Cuba, 1948. Chico is a young piano player with big dreams. Rita is a beautiful singer with an extraordinary voice. Music and romantic desire unites them, but their journey - in the tradition of the Latin ballad, the bolero - brings heartache and torment. From Havana to New York, Paris, Hollywood and Las Vegas, two passionate individuals battle impossible odds to unite in music and love.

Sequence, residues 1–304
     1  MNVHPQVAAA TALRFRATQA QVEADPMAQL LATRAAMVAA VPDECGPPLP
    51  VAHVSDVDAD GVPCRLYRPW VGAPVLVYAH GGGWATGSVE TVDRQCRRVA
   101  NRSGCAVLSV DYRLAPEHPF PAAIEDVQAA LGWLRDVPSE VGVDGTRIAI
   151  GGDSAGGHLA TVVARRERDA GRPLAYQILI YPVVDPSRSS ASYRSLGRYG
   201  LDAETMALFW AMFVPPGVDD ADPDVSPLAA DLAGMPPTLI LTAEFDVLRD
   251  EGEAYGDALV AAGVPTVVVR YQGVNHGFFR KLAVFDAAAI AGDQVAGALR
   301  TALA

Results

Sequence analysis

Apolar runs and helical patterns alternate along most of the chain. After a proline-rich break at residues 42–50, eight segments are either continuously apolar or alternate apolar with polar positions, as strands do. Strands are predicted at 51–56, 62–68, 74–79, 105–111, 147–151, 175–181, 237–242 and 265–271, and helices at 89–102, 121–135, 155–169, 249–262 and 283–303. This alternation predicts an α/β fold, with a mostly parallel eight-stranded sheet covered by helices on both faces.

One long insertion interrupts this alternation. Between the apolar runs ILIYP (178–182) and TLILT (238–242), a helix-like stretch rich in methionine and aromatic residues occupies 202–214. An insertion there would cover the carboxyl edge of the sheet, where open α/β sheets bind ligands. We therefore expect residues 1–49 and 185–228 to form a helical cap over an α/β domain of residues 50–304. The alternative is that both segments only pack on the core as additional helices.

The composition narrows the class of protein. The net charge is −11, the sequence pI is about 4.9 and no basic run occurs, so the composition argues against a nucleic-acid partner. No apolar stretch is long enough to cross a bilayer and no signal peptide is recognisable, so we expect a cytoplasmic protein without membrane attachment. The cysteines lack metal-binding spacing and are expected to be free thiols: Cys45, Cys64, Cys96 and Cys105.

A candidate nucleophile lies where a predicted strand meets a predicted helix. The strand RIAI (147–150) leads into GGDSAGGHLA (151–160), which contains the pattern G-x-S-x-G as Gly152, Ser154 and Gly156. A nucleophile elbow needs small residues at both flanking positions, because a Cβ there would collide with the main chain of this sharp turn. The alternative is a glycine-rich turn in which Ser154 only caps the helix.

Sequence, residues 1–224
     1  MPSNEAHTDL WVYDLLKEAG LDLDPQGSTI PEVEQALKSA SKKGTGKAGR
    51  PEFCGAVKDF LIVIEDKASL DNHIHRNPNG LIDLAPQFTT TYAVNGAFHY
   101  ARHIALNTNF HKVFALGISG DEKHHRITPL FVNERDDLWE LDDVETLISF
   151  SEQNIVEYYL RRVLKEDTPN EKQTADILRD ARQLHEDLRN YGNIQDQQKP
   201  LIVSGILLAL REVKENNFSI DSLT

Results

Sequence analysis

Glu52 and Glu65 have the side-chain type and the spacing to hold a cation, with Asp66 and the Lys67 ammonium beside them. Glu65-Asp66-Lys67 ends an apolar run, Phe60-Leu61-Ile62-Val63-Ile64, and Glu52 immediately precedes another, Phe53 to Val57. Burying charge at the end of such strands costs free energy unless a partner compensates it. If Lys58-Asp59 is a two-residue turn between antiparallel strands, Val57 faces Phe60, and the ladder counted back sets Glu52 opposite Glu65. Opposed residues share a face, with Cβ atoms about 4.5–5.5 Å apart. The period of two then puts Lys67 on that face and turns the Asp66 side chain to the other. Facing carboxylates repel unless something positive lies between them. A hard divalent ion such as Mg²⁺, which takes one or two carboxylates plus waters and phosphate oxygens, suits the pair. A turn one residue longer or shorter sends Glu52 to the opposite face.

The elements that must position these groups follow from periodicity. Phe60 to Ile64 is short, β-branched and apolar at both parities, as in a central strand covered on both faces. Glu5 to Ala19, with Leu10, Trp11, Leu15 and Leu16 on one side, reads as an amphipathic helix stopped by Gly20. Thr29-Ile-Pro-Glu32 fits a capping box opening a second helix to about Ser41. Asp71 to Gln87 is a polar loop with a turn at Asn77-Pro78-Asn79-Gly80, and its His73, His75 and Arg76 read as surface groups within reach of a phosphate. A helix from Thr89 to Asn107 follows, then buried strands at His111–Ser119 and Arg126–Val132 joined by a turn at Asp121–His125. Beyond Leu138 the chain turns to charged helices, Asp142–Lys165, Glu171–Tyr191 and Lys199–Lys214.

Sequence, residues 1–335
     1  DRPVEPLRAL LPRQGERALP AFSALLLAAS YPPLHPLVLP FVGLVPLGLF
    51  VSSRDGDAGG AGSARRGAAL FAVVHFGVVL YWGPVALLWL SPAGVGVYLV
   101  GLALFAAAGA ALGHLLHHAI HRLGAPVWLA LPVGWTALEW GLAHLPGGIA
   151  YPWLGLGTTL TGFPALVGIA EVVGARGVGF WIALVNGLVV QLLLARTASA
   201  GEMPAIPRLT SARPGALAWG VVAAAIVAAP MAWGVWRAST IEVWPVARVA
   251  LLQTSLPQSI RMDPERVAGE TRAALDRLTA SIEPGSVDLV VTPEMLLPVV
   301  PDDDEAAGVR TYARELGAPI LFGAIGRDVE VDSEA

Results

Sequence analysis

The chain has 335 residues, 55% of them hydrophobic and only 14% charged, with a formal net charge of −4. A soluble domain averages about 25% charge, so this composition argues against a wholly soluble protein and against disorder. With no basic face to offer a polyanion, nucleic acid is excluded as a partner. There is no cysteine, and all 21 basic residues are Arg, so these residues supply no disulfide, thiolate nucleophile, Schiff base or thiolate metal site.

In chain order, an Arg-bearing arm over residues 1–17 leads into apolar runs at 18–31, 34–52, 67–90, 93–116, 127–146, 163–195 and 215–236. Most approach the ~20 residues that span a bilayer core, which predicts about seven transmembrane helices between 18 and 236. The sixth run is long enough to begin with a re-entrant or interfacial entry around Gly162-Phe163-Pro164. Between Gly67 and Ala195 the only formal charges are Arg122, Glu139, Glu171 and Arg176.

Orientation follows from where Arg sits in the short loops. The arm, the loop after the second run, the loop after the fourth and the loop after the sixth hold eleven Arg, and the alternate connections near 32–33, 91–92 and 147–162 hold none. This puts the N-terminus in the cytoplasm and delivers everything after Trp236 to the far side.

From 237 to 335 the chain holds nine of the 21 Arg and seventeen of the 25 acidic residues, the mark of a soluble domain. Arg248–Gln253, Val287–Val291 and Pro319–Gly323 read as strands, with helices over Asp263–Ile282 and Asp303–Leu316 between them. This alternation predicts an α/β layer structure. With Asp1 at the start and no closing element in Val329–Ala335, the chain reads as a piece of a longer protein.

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Like the earlier reviewer, once I saw on the DVD box that "Chico and Rita" featured the music of Woody Herman, Dizzy Gillespie, Theolonius Monk and Charlie Parker- in addition to the Cuban music!- I knew I had to see the film. I wasn't disappointed. My father was a big band pianist and I grew up in Miami. From an early age I gained an appreciation of jazz and swing from the 1930s, 1940s and 1950s and a keen awareness of Cuban culture. I used to listen to the local Spanish language radio stations and I have a deep fondness for Cuban music. Chico and Rita dazzled me from its start with its rich portrayal of life in Havana in the days when Cuba was a popular travel destination for Americans. I loved the homage to the famous Tropicana nightclub. The film doesn't shy away from showing how life in the glamorous capital was for its citizens like Chico and his friend Ramon, young black men who lack money but are talented and ambitious. From its start it reveals frankly how they are barred from entering nightclubs and hotels not just because they are poor but also because the establishments are for whites only. The beautiful Rita can gain entrance, only because she has to work as an escort for rich Yankee tourists. The movie is a tribute to the Latin American musicians and singers who became a major influence on American music and popular culture. As Chico and Ramon search for success in New York clubs and Rita becomes a Broadway and Hollywood sensation real life stars Chano Pozo and Tito Puente make appearances. I very much appreciated the nod to Nat King Cole' s making Spanish language songs hits worldwide; it was great to discover in the documentary included in the DVD that Nat King Cole's brother Freddie honored his brother's memory by adapting his style in his vocals for the film. The animation is sensational: the portrayals of the Havana seafront and the New York skyline are breathtaking. I was tickled by the newly arrived Chico and Ramon's struggles to adjust to the unfamiliar snowscapes around them and the ice under their feet: they made me remember how I was shocked by my first winter after a lifetime in a tropical climate. The animation isn't afraid either to be frank and adult: a fight between Rita and Chico's old girlfriend doesn't show them pulling their punches. One of the movie's highlights is a fantastic dream sequence that salutes the musicals of the Golden Age of Hollywood. Chico and Rita's love story reveals also their troubled love affair with the music that inspires them and the country that fires their ambitions. Success gives them Cadillacs, their names on marquees, and large apartments in skyscrapers, but it also brings danger and pain: Chano dies in the midst of a violent argument about money and drugs, after telling Chico and Ramon that he can't travel to the South of the United States because the racists there are viler than the ones in Cuba. Rita's stardom is hollow as she can't stay in the Las Vegas hotel that she is headlining. Her candor about the prejudice she faces kills her career. Ultimately Chico suffers rejection from both countries he loves. He is deported from the US after being framed for drug possession; the new Cuba leaves him without a profession after it bans jazz as imperialist. The saddest moment in the movie is when the elderly Chico approaches a piano and reflects that he hasn't touched one in years. The ruined buildings and blackouts in present day Havana are shown unflinchingly, and I was warmed by how Chico's recognition by an international singer pays tribute to Cubans who have lived for decades in isolation, often under oppression. However, I found Rita's fate unconvincing and overly sentimental. I'm moved by the thought that Chico and Rita were separated by the US taking its leave of Cuba, and cutting all relations with it. But I couldn't believe that Rita would spend 47 years in the same motel waiting for Chico to knock on her door.

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